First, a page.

Image of a child performing their breathing exercises with Project Fizzyo.

With help from their prototype device, children use their breath as real-time input to play a series of minigames that are similar to many non-medical games on the market. What makes Project Fizzyo’s game design particularly remarkable is its responsiveness to each player’s individual needs.

“The main goal is to make sure children are motivated to play,” Jamie says. “That’s why we incorporated features like daily breath calibration to make sure the high-score is always within reach, even when a child is having a particularly difficult day.”

Project Fizzyo is still analyzing data collected during clinical trials, but feedback from children and parents alike has been phenomenal. Physical therapy time is now fun, with some kids even requesting to play the game in its trial phase.

Check out a mini-documentary about how Project Fizzyo was put in motion.

Engaged patients and informed doctors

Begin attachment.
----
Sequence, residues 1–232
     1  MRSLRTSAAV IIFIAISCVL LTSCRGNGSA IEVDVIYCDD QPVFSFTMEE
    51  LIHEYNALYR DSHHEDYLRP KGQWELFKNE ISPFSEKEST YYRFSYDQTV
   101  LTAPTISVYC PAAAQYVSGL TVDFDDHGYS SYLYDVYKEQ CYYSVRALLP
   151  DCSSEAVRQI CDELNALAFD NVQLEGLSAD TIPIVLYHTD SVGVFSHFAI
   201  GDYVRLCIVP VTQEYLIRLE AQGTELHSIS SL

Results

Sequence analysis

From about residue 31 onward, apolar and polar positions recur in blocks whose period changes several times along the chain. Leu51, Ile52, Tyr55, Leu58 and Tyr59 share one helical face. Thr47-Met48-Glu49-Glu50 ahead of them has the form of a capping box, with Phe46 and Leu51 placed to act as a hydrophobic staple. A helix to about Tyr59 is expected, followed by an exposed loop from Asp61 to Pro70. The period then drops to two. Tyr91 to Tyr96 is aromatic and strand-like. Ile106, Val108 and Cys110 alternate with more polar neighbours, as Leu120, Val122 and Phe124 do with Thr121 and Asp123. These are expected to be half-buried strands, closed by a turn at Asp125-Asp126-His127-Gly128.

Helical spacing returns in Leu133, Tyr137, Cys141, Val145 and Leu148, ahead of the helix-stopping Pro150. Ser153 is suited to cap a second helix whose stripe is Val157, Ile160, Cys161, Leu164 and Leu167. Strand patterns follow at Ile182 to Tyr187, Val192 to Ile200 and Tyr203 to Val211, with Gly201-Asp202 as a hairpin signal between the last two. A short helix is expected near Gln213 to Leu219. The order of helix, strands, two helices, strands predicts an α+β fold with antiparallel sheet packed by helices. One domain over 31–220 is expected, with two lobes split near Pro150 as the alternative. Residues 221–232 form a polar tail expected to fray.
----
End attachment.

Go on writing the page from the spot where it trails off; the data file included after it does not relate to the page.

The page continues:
Patients with cystic fibrosis and other medical conditions are often prescribed at-home physical therapy, which makes monitoring progress challenging. Without any concrete feedback, parents of children with CF have a hard time knowing what effort is being exerted and, therefore, how effective the exercises are.

Interactive games provide both doctors and parents with much-needed data to see how children are progressing – and in some cases, regressing.

Medical games can create a significant feedback loop. When input data powers gameplay, it can be rerouted to doctors, who can keep an eye on trends to better understand how their patients are performing.

This is one of the many features Konglomerate has in mind for future endeavors. With four projects currently in development and a new colleague about to join them, the future seems bright for Jamie and his team of innovators.

“The general public is slowly becoming more aware of serious games, and while we’re excited to be part of the early narrative, we’re committed to continuing to amplify this message until people easily associate games with good.” – Jamie Bankhead, CEO of Konglomerate Games

For more on Konglomerate Games, visit their website.

April 7, 2022 in Community | 9 min. read